The 350-cc ohc “Boy’s Racer”. so called because it was produced as a reasonably priced customer’s machine, was brought out in 1948 at a difficult period in AJS racing fortunes and although not outstandingly rapid at first, proved to be both reliable and competitive over its 14 year production run and as such, served as a nursery for many riders of international repute. In common with most English bikes, its design roots lay way in the past, in this case the celebrated “cammy” AJS introduced in 1927. The parent firm, known then as Stevens Brothers, started out in the usual way in the late 1890s fiddling with various proprietary engines but in 1909 the company decided to market what amounted to a 29cc flathead-powered motorized bicycle under the name of AJS, for Albert John Stevens (the, only brother with a middle initial) and furthermore to run it in the TT. Results were not all that remarkable but the company persevered, in 1914 bringing out an ohv 350 with an add-on gearbox giving four speeds in all. With this AJS cleaned up the 350 class, taking the 1st four places plus 6th and the company was on its way.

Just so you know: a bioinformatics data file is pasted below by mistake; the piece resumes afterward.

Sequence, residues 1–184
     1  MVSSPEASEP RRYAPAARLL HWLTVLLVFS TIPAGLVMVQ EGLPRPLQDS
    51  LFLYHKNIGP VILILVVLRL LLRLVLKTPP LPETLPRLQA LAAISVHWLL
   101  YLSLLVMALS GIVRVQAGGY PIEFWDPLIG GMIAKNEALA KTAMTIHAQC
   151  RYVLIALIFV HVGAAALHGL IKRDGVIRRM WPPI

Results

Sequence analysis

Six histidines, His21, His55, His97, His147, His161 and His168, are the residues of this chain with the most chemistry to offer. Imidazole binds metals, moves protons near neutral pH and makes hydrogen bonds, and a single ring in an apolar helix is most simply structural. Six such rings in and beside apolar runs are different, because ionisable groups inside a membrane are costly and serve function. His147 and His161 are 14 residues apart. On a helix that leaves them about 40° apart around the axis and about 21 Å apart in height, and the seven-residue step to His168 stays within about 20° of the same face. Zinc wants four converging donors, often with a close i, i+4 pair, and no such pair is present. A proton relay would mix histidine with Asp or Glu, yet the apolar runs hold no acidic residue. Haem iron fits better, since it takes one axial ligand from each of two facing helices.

Development on the sly during the war ensured that Ajays were ready for the TTs immediately afterwards with an inclined-valve, hemispherical chamber 350 which, after the usual teething troubles and a bit of strategic pushing, managed to take the Junior three times on the trot. This last win, in 1922, saw the introduction of the so-called “big port” Ajay which had undergone a fairly thorough redesign with not only cams as big as their gearwheels but an exhaust port of something like 2 5/8 in., a sort of odd modification when looking at some of today’s bikes but at that time fuels, compression ratios (5.75:1), cam timing etc. may have dictated different ideas about scavenging. At any rate these early models are still recherche among vintage freaks. The following years showed that inventive minds were working at the factory, what with the introduction of aluminum heads with cast-in bronze seats, foot pedals for both internal expanding brakes to leave the driver’s hands free for his multitude of hand levers (including throttle!), dry sump lubrication, and even going modern to the inlet valve becoming larger than the exhaust. At the same time, the racers still featured a foot-operated oil pump most of the time as well as the cylinder head being held down by a sort of strap or stirrup. At any rate, Ajays were still racing energetically and placing but not coming up with wins in the TT, a significant barometer of success to the buying public in those palmy days. Following an ohc Velocette’s win in 1926 a new machine was brought out in ’27 with chain-operated ohc (three rockers for two valves at 900), dry sump, and proper four-speed gearbox still controlled by a hand change. This was the first of the “7” series which, after a slowish start, won many laurels up through the years in 250, 350 and slightly overbored even in the Senior. Numerous modifications were made including getting rid of the extra rocker and their success even might have been greater but for failures of accessory components. Isn’t it always the way.